This news report does a solid job of describing study findings that show Alzheimer’s patients taking anti-psychotic drugs face an increased risk of death. It does several things particularly well:
The reader takeaway is clear: These drugs are dangerous and, if used, should be done so very carefully.
The story fails to mention the price of the anti-psychotic medications.
While this information is not crucial here, as a matter of course the cost of drug regimens under study should be mentioned. In this case, some of the anti-psychotic medications are expensive when taken long-term.
The story made a modest attempt to explain the possible benefits of the anti-psychotic drugs for Alzheimer’s patients – effectively painting a picture of doubt about their value. It states that the drugs may help control aggression and hallucinations "for a few months." And the story included the damning comment from the Alzheimer’s Association spokesman: "At some point, some people will be better off with no medication."
The story does a commendable job of describing the harms of the drugs in a variety of ways:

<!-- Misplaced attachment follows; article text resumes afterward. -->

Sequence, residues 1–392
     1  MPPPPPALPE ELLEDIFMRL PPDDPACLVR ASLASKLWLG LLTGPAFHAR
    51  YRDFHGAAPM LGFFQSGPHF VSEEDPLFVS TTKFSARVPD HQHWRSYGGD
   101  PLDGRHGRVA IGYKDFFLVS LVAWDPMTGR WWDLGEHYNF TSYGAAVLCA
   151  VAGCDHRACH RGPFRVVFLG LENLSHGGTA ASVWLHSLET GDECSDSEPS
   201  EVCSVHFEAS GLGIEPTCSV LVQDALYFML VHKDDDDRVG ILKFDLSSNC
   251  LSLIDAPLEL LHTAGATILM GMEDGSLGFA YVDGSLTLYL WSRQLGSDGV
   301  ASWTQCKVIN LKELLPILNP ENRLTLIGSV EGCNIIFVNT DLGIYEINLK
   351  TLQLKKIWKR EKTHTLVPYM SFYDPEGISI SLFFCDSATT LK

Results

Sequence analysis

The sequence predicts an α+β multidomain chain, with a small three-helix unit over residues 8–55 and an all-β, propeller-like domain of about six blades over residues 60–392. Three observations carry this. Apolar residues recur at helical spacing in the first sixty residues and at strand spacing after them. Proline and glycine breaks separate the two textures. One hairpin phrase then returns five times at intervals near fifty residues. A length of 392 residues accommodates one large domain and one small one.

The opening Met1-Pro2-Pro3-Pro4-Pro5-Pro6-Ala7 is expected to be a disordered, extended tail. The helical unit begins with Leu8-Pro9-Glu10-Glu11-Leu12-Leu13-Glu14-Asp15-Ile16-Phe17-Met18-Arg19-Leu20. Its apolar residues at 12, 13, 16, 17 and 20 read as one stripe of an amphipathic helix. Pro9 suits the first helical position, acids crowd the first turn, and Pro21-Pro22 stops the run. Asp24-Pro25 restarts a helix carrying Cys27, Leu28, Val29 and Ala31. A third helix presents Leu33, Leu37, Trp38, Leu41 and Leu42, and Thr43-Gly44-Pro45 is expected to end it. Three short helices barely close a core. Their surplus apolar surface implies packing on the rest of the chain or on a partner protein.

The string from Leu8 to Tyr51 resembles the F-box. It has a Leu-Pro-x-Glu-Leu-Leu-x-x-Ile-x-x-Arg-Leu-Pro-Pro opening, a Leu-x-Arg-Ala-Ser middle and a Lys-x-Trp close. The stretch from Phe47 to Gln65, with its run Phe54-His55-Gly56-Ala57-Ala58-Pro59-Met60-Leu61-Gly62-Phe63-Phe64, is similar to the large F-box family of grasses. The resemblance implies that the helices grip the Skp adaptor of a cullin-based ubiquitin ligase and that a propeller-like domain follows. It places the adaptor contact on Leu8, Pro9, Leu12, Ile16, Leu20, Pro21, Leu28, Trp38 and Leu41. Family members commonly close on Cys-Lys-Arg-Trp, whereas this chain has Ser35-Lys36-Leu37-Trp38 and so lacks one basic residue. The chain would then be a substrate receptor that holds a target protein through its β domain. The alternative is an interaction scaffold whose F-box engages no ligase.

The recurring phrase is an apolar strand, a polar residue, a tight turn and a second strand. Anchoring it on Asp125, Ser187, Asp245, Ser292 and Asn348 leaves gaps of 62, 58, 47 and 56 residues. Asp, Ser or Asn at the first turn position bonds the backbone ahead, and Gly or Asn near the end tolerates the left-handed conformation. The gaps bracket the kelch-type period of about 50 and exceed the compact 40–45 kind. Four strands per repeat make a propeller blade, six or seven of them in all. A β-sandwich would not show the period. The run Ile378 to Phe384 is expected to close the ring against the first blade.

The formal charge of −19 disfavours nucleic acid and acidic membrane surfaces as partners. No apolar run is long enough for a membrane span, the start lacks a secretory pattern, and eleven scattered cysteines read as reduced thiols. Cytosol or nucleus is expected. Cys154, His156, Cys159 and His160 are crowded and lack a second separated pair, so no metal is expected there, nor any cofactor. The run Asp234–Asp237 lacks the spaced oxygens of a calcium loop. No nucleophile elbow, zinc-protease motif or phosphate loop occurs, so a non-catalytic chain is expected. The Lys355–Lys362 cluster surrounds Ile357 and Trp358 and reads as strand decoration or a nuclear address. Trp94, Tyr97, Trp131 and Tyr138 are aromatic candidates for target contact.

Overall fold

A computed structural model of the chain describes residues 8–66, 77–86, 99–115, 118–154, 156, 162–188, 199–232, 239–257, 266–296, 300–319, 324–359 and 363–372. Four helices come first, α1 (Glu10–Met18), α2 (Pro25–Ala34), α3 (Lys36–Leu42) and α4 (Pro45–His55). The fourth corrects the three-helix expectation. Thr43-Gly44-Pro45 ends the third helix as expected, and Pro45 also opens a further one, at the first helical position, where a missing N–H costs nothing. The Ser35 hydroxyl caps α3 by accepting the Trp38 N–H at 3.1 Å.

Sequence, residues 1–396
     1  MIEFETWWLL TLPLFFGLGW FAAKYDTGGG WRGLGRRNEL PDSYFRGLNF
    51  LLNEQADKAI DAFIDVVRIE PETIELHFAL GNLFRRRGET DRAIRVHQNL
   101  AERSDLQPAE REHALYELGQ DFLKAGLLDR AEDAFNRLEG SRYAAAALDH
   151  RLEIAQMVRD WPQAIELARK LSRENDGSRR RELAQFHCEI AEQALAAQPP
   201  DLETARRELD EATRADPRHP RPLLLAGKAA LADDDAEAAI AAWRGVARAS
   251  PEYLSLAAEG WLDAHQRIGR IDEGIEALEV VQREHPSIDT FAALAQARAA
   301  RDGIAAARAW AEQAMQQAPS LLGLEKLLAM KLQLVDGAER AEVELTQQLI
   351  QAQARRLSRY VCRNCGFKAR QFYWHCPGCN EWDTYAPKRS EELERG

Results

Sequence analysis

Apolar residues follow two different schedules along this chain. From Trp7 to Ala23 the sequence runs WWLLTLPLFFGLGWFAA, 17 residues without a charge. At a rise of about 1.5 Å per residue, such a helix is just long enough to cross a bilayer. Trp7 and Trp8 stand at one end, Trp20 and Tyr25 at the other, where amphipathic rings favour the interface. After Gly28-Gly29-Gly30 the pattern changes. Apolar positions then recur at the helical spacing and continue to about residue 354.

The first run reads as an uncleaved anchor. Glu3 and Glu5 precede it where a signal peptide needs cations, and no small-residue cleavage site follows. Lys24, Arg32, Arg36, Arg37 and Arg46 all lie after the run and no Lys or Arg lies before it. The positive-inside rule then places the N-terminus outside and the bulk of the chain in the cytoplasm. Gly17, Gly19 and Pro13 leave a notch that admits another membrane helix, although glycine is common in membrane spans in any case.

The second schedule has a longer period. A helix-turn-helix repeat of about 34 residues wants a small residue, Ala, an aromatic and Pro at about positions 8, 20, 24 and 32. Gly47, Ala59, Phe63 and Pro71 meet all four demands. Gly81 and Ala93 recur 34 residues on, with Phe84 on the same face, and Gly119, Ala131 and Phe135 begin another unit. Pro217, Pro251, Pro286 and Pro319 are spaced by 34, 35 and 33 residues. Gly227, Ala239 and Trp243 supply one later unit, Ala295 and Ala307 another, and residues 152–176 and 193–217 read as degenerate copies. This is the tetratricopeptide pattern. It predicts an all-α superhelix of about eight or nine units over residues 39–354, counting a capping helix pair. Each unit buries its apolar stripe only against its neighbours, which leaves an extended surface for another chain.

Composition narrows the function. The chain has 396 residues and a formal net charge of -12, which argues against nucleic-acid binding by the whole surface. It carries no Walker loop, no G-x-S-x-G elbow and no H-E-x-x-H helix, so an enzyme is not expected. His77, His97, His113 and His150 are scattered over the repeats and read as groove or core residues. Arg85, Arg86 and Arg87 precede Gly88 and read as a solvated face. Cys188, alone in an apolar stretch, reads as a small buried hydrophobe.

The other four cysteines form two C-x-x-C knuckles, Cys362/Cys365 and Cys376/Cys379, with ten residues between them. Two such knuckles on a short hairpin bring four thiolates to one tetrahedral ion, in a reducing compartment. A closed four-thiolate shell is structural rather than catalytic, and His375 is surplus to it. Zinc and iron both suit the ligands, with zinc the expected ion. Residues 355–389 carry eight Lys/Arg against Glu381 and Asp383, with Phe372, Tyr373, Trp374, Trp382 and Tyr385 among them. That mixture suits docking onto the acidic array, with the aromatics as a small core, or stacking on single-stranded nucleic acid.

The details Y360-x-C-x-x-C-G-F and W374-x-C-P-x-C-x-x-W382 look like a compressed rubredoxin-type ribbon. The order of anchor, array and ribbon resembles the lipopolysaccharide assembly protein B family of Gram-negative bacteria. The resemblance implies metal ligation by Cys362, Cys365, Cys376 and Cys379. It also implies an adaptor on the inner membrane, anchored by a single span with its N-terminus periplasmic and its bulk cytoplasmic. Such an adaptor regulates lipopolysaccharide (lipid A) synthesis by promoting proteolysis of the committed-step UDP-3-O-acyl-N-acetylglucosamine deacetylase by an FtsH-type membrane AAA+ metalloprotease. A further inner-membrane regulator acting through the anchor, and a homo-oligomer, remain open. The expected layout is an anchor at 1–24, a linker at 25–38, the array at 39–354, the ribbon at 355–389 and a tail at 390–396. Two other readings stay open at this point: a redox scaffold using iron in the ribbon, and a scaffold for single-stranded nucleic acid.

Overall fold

It also mentions other side effects linked to the drugs, including respiratory problems and stroke.
The news report does an excellent job of describing how the study was conducted and what outcomes it measured.
It would have been valuable to mention that, as a randomized controlled trial, this is a well-designed, high-quality study.
The story does not sensationalize the condition or its treatment.
The reporter interviewed three people: the study’s lead author, the head of an advocacy group with no connection to the study, and an independent psychiatrist.
The report properly discloses that the study’s author has received grants from companies that make Alzheimer’s drugs.
The article uses two quotes suggesting that taking no medication is an option.
It also usefully quotes a source who says environmental and behavioral treatments can be used to control some symptoms of dementia.
The first sentence states the drugs are "commonly used." Later on, the story says that up to 60 percent of patients with dementia in the US and UK are given the drugs for one to two years. [This latter detail, unfortunately, is unsourced.]
Since the treatment is common, novelty is not an issue.
The story does not appear to draw from the medical journal’s press release.